The Challenge with Non-Employees
The traditional approach to managing identities with homegrown solutions, customized IAM/IGA products, or HR systems is no longer enough. Identity orchestration for 3rd party, non-employees is more complex than ever. Managing the business processes for identity lifecycle is critical for these identities, as two-thirds of all data breaches today occur because of a third party. Businesses need a solution for managing, identifying, and assessing the risk of all people that touch the corporation, including non-employee identities.
At SecZetta we believe that any system that gets put in place needs to address the complexities that exist when managing varying non-employee population types, associated identities and all the potential relationship(s) with an organization.
Let’s take a look at identities and relationships as it relates to non-employee identities (people and things).
What Is An Identity?
It may seem like a trivial thing but most people in the Identity and Access Management (IAM) space speak about identity and accounts synonymously. There are very important distinctions, and to manage them appropriately it is critical to understand the differences.
Other common identities are Vendor and Account Credentials
Most importantly, EACH identity has its own, distinct and sometimes complex life cycle. So how should companies be thinking about each? In order to figure that out, one must also consider relationships.
What Are Relationships?
Going back to the Person Identity, we see that the identity data can be a mix of personal data (e.g. name, home address) and data referencing other identities (e.g. Department, Mobile Device). In this case, there is a relationship between the Person identity and other identities.
Likewise, each identity can also have other relationships. A vendor can have a relationship with a Person (i.e. assigned or owned by that person) and a relationship with your companies Department.
In IAM terms, this is significant. Your company could terminate its relationship with a Person; however, if it is not aware of or fails to terminate the relationships, that Person could potentially retain access to your sensitive data. Often, they are not aware of the identities or the relationship and rely on weak controls such as inactivity reports. This is where so many companies fail to mitigate breaches tied to third parties.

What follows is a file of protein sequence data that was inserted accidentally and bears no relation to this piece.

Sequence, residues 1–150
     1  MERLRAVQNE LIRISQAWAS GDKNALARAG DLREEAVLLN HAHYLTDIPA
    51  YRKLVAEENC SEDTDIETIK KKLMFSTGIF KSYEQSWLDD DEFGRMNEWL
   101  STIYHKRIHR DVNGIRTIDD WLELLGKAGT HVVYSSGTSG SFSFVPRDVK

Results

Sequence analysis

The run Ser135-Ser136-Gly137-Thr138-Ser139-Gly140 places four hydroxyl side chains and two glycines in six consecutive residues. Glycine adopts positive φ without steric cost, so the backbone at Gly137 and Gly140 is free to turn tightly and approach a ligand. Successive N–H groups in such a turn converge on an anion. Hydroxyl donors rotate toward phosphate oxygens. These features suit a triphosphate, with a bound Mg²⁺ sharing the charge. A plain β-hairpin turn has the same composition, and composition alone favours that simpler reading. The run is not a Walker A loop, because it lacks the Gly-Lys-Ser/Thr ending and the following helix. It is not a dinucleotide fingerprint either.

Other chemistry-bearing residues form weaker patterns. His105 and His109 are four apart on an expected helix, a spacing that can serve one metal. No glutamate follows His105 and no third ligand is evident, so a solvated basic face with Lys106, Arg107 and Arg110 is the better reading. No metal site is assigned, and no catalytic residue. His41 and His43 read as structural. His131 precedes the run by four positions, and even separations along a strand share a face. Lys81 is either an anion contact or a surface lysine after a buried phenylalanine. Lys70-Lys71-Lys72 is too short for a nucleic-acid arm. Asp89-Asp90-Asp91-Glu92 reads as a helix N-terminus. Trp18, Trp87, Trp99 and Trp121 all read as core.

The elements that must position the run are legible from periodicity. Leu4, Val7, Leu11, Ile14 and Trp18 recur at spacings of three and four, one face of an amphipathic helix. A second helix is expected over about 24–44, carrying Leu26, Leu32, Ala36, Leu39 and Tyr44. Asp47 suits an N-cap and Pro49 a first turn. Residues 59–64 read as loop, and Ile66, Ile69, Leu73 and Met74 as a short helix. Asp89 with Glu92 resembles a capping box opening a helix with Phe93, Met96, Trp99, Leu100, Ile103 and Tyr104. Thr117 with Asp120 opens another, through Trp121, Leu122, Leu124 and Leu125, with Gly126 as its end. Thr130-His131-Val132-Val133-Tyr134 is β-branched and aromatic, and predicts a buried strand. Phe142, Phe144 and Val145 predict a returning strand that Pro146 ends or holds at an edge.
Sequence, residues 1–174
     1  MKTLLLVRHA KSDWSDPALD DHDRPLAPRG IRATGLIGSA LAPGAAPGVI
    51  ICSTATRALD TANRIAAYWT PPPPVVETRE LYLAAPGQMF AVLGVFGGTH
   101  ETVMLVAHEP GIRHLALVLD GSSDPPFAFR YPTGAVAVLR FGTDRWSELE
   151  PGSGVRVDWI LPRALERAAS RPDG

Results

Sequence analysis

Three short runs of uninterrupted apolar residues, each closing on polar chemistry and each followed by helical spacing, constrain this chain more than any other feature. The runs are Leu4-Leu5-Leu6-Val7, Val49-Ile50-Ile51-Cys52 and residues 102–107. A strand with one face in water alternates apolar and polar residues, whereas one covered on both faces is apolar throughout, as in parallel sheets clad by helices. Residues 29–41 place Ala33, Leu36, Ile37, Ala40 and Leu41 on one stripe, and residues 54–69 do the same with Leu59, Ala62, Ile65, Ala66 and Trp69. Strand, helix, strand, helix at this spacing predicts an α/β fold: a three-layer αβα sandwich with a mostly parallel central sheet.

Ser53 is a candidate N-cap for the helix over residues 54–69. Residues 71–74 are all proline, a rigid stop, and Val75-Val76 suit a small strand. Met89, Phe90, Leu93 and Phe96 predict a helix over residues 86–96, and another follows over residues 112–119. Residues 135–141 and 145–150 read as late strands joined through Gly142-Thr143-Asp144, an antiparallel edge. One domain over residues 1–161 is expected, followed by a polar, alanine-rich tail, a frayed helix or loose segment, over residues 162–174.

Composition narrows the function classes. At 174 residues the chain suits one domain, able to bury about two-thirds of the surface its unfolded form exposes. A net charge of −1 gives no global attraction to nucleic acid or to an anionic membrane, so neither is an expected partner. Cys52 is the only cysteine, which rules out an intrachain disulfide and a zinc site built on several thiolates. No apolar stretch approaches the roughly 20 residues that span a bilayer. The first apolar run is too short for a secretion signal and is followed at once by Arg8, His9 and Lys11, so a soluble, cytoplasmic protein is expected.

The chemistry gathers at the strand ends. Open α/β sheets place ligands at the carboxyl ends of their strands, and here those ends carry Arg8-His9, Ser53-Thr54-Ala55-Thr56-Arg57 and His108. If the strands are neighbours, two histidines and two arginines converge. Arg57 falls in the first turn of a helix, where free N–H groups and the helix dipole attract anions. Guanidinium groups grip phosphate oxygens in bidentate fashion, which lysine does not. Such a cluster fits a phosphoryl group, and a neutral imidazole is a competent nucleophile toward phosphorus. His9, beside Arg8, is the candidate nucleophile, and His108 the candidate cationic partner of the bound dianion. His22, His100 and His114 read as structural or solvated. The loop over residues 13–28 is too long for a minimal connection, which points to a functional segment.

Just About Everything With An Identity Has Relationships
We can look at the Person and see relationships with many other identities.
We can look at one of those relationships, vendor, for example, and see there are additional relationships which aren’t revealed just by looking at the Person identity. You can see that a vendor may have relationships with a lot of people.
In fact, the number of relationships can grow exponentially as the business grows and develops more relationships with 3rd parties. A robust, 3rd party identity management solution must be able to identify and manage all these relationships.
Why a 3rd party Identity System?
With a successful implementation of a 3rd party identity solution you should be able to easily answer a few questions:
- How many 3rd parties are in our environment?
- Who is the sponsor of a particular 3rd party?
- What partner does a particular 3rd party work for?
- What is the risk this individual poses to our organization?
- Does this third party still work for said partner, and are they still engaged with us?
If you can’t answer these questions, it is likely you should not be providing access to sensitive data for these individuals!
When you can answer these questions easily, you can also take conditional action. For instance, determining the level of access a person will be allowed should be conditional on several of these factors
- High risk individuals don’t get highly sensitive access
- Or proactively automating validation that 3rd parties are still engaged
To maintain these answers about the individuals, we need to de-couple the idea that an account is synonymous with an Identity. It is not.